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This strategy (interest raise to minimize currency devaluation) is being adopted in countries like Brazil and Russia:

How does the interest rate rise protect the currency value?

I'm used to see news about governments raising the interest rate with the aim of protect the currency value. But I never saw an explanation about how these two things are related.

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    $\begingroup$ Would you mind clarifying the question and giving more explanation than just the links? $\endgroup$ – Mathematician Dec 16 '14 at 20:54
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    $\begingroup$ Good question, bad formatting and grammar. $\endgroup$ – Thorst Dec 17 '14 at 11:43
  • $\begingroup$ Hello @Soccerman, I accept suggestions / reviews. Despite I understand well English language, I'm still learning grammar. $\endgroup$ – cassioso Dec 17 '14 at 12:43
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    $\begingroup$ @cassioso Thanks! Would you mind meshing that explanation into the question itself? $\endgroup$ – Mathematician Dec 17 '14 at 15:59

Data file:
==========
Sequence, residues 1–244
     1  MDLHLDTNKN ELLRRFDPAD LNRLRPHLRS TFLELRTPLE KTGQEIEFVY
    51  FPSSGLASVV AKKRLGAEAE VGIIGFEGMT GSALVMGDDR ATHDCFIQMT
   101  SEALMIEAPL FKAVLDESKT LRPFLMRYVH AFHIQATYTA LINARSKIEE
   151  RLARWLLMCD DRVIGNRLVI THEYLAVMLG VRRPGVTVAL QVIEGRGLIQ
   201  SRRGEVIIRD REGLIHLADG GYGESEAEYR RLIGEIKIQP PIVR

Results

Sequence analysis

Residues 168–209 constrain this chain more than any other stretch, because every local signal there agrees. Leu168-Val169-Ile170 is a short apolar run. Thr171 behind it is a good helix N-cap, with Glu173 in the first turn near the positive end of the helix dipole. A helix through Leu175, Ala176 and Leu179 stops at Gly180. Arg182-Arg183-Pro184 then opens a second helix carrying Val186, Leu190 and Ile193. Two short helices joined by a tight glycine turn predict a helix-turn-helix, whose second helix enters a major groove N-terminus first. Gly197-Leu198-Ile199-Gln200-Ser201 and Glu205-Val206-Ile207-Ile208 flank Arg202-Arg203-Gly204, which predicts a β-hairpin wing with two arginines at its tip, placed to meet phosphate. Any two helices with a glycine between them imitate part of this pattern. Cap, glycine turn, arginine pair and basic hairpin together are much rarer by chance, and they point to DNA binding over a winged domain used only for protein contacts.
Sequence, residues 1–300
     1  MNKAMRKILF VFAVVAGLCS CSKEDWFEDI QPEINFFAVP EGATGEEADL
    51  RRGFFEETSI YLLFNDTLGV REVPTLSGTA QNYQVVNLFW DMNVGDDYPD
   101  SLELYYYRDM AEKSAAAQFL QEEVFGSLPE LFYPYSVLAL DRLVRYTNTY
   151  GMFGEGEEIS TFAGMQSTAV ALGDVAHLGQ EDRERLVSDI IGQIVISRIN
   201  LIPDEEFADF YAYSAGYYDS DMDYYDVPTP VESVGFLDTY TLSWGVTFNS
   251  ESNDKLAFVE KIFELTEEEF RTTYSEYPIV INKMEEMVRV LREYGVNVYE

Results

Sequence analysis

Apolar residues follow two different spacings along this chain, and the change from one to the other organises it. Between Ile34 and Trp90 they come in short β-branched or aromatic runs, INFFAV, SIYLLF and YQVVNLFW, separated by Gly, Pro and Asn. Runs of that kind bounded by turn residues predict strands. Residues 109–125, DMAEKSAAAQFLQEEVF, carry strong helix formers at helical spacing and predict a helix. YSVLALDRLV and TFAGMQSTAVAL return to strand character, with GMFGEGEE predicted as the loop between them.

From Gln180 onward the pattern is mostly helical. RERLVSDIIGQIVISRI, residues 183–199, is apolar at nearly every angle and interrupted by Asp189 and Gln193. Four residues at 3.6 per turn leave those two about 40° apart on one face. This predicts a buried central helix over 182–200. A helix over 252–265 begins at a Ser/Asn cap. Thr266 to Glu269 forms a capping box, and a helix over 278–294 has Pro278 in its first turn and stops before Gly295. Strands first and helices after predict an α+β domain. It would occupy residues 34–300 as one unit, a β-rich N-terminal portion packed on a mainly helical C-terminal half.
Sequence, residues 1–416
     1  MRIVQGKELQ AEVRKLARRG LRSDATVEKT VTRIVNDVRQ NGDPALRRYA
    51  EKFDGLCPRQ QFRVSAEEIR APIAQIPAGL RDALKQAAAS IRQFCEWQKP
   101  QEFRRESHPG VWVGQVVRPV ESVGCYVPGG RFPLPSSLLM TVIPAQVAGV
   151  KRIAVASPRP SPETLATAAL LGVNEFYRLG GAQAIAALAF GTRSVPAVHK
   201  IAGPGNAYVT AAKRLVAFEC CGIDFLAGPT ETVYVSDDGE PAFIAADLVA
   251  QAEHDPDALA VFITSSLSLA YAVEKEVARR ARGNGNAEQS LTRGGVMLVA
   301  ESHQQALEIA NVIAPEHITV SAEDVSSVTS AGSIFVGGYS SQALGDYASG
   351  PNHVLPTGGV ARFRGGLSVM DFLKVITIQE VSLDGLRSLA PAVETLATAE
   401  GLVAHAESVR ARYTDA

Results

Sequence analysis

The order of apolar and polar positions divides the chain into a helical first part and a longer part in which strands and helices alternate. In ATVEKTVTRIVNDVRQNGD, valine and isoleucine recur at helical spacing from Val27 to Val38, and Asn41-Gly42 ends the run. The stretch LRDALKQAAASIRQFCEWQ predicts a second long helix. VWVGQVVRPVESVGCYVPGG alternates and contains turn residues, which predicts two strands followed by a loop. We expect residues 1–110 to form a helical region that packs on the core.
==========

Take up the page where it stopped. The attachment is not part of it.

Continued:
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    $\begingroup$ @Mathematician done! $\endgroup$ – cassioso Dec 17 '14 at 19:06
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An interest rate is the return that a lender earns on money lent to someone else. If the interest rate is higher then it makes lending money more attractive because the return is higher.

In particular, if the interest rate in, say, Russia increases relative to that in the USA then American lenders will switch from lending their money in America to lending their money in Russia where the return is greater. But in order to lend money in Russia, these investors are first going to have to convert their dollars into roubles. This increased demand for roubles causes the price of the rouble (i.e. the exchange rate) to increase.

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According to uncovered interest parity model, if you raise the domestic currency's bank deposit interest rate, then, ceteris paribus, the currency will appreciate. This can be shown mathematically.

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    $\begingroup$ Why not adding some parts of that mathematical explanation? That would greatly improve your answer. $\endgroup$ – clem steredenn Oct 21 '16 at 6:03

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